News for the East Bay's diverse, working-class majority.
Brought to you by the Democratic Socialists of America, East Bay chapter.
May 21, 2020
By David Cremins
Alameda County’s Santa Rita Jail — the third largest in California and fifth largest in the nation — is infamous for violence, inhumane conditions, and labor exploitation. It is now, however, holding around two-thirds of its usual population. In response to the coronavirus, county officials, including Sheriff Greg Ahern, have coordinated to release hundreds of people early, minimize arrests, and comply with statewide orders lowering most bail to $0. Most importantly, the county’s District Attorney (DA) Nancy O’Malley has reduced her office’s rate of prosecution, filing 70% fewer cases in order “to keep people from going into the system.”
These life-saving decisions have come as dozens of staff and people held at Santa Rita have tested positive for the virus. However, they also raise questions about whether our DA will seek to minimize use of legal punishment when she is no longer faced with the pressure of a pandemic. Once this crisis abates, for whom will it truly be the end of lockdown?
Across Alameda County, citizens and officials have demanded quicker and more expansive decarceration from O’Malley and Ahern, with groups like Santa Rita Jail Solidarity taking up the national call to #FreeThemAll. County Public Defender Brendon Woods has additionally advocated for the release of everyone in Santa Rita with fewer than 6 months remaining on their sentence, prompting O’Malley to accuse Woods of “grandstanding.”
But Woods and the activists are correct, that actions taken (or not taken) at Santa Rita are matters of life and death. To understand their urgency, we need only look at the horrific situations unfolding in New York and Chicago jails, two of the worst hotspots in the world. As has been well-documented, our nation’s detention centers pose a “uniquely American risk” in the fight against Covid-19, with about 200,000 people typically moving between cells and surrounding communities every week. Of these, the majority have not been convicted of a crime and a disproportionate number are Black and Latinx, including over three-fourths at Santa Rita.
Across the United States, efforts to decarcerate for the sake of public health have drawn mixed reactions, to put it mildly. On the one hand, Tahanie Aboushi, a civil rights attorney and candidate for DA in Manhattan, argues this “alignment across all fields calling for a reduction of the population in prisons and jails…[demonstrates] we are engaged [in] mass incarceration unnecessarily, not for public safety but for the sake of convenience, fines, and fees.” At the same time, police unions and prosecutors have insisted that any reduction in incarceration threatens public safety, a claim for which there is no empirical support.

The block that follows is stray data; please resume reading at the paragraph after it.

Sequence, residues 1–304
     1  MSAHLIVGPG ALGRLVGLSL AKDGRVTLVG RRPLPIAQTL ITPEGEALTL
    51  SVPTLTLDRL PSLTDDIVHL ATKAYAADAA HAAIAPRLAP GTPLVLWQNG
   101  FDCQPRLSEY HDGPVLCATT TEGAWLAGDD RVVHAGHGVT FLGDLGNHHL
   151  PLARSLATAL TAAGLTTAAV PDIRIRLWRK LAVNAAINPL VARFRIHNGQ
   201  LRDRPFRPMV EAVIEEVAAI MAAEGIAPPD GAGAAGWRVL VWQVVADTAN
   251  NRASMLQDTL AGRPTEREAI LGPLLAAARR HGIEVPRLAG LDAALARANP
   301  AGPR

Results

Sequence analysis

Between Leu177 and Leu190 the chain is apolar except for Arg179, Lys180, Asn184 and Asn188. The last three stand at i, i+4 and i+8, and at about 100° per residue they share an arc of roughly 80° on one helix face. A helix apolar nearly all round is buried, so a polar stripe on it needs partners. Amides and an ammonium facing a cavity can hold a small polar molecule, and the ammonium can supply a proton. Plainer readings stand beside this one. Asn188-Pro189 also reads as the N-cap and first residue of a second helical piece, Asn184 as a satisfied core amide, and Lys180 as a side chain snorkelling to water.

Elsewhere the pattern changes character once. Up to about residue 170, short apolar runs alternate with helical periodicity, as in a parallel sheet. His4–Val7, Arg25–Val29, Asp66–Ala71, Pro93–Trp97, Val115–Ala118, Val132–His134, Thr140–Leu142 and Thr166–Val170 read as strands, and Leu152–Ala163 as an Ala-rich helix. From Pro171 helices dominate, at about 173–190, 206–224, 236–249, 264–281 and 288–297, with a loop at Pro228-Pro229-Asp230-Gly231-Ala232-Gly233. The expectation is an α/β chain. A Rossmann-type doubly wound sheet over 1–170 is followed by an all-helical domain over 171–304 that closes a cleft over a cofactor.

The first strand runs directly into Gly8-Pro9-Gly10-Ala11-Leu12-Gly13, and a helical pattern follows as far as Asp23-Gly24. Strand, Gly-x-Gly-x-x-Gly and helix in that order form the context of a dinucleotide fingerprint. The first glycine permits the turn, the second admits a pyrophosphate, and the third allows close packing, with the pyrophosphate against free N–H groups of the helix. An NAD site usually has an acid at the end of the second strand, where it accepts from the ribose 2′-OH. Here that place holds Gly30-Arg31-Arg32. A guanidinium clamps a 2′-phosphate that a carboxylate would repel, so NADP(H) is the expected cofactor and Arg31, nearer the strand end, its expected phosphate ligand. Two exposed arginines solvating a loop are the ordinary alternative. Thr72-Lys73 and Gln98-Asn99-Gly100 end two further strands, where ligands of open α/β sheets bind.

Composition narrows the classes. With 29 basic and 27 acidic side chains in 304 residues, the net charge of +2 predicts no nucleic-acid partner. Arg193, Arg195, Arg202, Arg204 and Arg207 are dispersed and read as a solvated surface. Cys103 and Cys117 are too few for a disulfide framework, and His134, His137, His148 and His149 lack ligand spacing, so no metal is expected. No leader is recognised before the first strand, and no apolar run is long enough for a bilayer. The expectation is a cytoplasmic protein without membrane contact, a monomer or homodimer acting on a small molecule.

To her credit, O’Malley has avoided this fear mongering, instead saying that we can keep the community safe while imprisoning far fewer people. If she wants to continue to keep Alameda’s jail population low, she does not need to look far for a model: across the Bay, San Francisco DA Chesa Boudin has worked since his election last year to eliminate bail and reduce pretrial detention.
However, it seems unlikely that lasting reform is on its way to the East Bay. O’Malley characterizes herself as a “strong advocate for victims’ rights”, but her sympathies appear to be contingent on the identity of the alleged criminal. After all, O’Malley is known for her hesitance to investigate cop-caused deaths. In one infamous incident, she accepted a $10,000 campaign contribution from Fremont police officers before clearing them in the fatal shooting of a pregnant teenager. This was followed by hundreds of thousands of dollars of further support from police unions, helping O’Malley defeat a progressive challenger, Pamela Price, in 2018.
Neither O’Malley nor Ahern will be on the ballot again until 2022, though California will have a choice in November of this year to get rid of most money bail. For now, we must challenge the narrative, often amplified by government officials and media figures, which equates any shrinking of the state’s punishment apparatus with an increase in crime. According to sociology professor and author Alex Vitale, we need to “use the health emergency to remind people just how terrible the use of incarceration is broadly” and instead demand our leaders invest in the wellbeing of communities instead of tearing them apart.
The same point was recently made by Oakland-based non-profit Human Impact Partners (HIP) and a coalition of local political, legal and advocacy organizations in an open letter urging Alameda County to “divest from jails…and policing…[and invest more in] health care, affordable housing, living wages, quality schools, environmental justice, and adequate transportation.” Unfortunately, these pleas were not heeded by the Alameda County Board of Supervisors, as they voted 3-2 on May 12 to fund $318 million over three years for new staff at Santa Rita, sparking outrage from many of the signatory groups on the HIP letter.
Hopefully, those at Santa Rita will soon be freed from the imminent risk of illness or death — but let’s not return to business as usual once the outbreak is contained. We should continue to reduce our jail and prison populations and redirect resources to social programs that address the root causes of crime. Alameda County is moving in the right direction in lessening the needless suffering caused by imprisonment. We should keep it that way.